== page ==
1. it doesn't thrill me either. overwhelming flavor is dried thyme, way too much, tastes like dried mildew to me (not that I've eaten dried mildew, mind you, but that's what too much dried thyme brings to mind when I have it).

        1. Alkapal told me about this stuff a long time ago, and gave me a website where I could get a sample. So I have a small packet, maybe 1 or 2 teaspoons of seasoning, sitting right here on my desk and haven't tried it yet. So if I use it as a rub, so to say, and let it sit for an hour, that is the way to do it? I can't remember what she said about it, but I thought it was an alternative to a seasoned salt. Oh, and the ingredients are not listed on the packet, so who knew!

          6 Replies
          1. re: danhole

            danhole, this is the ingredient listing for Monkey Dust on the Everglades website: Salt, spices, monosodium glutamate, dehydrated garlic and onion, sugar, papain.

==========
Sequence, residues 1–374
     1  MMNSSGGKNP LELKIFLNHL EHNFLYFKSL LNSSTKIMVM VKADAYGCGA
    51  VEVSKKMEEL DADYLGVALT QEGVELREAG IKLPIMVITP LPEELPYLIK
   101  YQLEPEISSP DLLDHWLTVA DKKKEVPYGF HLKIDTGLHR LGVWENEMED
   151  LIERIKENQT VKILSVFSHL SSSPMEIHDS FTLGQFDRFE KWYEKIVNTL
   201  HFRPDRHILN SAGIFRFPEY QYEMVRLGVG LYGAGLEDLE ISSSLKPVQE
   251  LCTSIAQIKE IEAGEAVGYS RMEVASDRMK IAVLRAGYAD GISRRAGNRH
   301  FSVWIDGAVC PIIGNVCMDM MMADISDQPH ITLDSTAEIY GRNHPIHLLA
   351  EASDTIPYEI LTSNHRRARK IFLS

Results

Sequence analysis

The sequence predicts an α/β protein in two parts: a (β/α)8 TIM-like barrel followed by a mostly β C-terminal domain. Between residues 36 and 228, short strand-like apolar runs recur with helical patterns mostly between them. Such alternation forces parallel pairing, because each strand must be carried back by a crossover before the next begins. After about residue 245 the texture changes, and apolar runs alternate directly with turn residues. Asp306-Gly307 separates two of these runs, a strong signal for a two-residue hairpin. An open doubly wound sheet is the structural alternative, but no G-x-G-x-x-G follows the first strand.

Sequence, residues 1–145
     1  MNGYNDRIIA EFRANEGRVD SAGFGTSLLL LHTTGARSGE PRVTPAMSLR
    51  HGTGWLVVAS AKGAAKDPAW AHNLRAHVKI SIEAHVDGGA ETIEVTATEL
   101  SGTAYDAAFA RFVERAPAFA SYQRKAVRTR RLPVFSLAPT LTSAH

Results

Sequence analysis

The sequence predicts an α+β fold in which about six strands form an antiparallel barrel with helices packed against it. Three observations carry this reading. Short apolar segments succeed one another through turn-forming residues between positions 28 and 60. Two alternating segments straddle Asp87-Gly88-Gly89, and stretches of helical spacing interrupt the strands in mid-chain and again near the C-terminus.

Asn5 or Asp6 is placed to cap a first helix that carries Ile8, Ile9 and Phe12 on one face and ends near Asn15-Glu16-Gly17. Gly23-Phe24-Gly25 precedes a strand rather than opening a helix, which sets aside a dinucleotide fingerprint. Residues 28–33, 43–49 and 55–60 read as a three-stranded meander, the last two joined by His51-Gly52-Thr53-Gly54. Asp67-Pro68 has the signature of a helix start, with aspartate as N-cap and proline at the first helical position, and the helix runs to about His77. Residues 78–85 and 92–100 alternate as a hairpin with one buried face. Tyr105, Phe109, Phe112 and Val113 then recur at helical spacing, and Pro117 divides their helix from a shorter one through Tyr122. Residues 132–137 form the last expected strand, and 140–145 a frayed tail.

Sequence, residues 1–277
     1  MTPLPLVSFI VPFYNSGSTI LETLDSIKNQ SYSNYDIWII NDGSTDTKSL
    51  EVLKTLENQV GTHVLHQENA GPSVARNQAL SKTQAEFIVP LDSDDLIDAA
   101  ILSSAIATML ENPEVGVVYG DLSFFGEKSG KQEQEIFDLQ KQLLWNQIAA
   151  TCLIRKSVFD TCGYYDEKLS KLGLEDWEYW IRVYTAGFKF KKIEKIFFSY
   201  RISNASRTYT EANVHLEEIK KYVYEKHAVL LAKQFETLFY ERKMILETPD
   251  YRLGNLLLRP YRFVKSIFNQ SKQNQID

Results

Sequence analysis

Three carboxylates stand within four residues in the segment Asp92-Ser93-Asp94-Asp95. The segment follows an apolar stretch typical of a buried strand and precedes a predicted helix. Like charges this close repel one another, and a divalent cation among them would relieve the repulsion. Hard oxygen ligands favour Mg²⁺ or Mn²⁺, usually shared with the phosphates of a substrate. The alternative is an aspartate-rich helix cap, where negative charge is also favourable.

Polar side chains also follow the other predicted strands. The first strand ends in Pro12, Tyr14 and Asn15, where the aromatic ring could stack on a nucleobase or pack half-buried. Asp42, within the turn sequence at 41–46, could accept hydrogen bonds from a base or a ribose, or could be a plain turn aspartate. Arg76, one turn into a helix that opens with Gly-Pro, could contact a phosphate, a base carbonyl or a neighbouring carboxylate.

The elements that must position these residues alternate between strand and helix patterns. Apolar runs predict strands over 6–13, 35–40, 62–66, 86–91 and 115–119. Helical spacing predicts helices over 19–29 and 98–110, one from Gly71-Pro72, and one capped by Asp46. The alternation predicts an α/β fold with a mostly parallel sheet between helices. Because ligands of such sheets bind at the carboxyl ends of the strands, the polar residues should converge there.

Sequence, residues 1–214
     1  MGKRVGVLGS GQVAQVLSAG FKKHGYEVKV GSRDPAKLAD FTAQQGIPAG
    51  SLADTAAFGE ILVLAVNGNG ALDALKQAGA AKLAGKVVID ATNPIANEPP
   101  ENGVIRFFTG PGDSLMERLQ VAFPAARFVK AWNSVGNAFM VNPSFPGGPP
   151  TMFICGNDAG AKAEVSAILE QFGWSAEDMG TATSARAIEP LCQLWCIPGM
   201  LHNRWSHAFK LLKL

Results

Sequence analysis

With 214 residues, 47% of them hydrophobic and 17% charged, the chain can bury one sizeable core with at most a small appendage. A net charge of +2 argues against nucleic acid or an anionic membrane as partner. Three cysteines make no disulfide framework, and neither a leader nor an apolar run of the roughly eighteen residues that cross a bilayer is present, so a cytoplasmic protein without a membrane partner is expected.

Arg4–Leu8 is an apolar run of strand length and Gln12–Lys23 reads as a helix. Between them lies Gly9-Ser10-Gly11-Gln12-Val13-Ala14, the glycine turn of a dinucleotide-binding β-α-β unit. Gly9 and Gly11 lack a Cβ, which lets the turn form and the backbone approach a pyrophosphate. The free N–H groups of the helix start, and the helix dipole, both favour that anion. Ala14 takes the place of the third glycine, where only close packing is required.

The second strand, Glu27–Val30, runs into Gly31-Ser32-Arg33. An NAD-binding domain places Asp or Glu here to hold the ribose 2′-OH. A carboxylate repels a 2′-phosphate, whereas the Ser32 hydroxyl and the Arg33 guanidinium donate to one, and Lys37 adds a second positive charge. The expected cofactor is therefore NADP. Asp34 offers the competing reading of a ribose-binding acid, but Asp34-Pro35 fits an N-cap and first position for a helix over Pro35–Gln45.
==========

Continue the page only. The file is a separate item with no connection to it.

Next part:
1. re: goodhealthgourmet

              Thanks GHG. I looked at the website and now I am curious - where does the name Monkey Dust come from. Doesn't sound very appealing, does it?

              You did see they have a MSG free version, also.

              1. re: goodhealthgourmet

                Ok- it just hit me that Monkey Dust is the flavor of the one Max is in love with!
                That could explain it, I have the regular one...
                Hmm... I still want it to thrill me- haven't gotten my $3 wortha ya-ya's yet.

                1. re: Boccone Dolce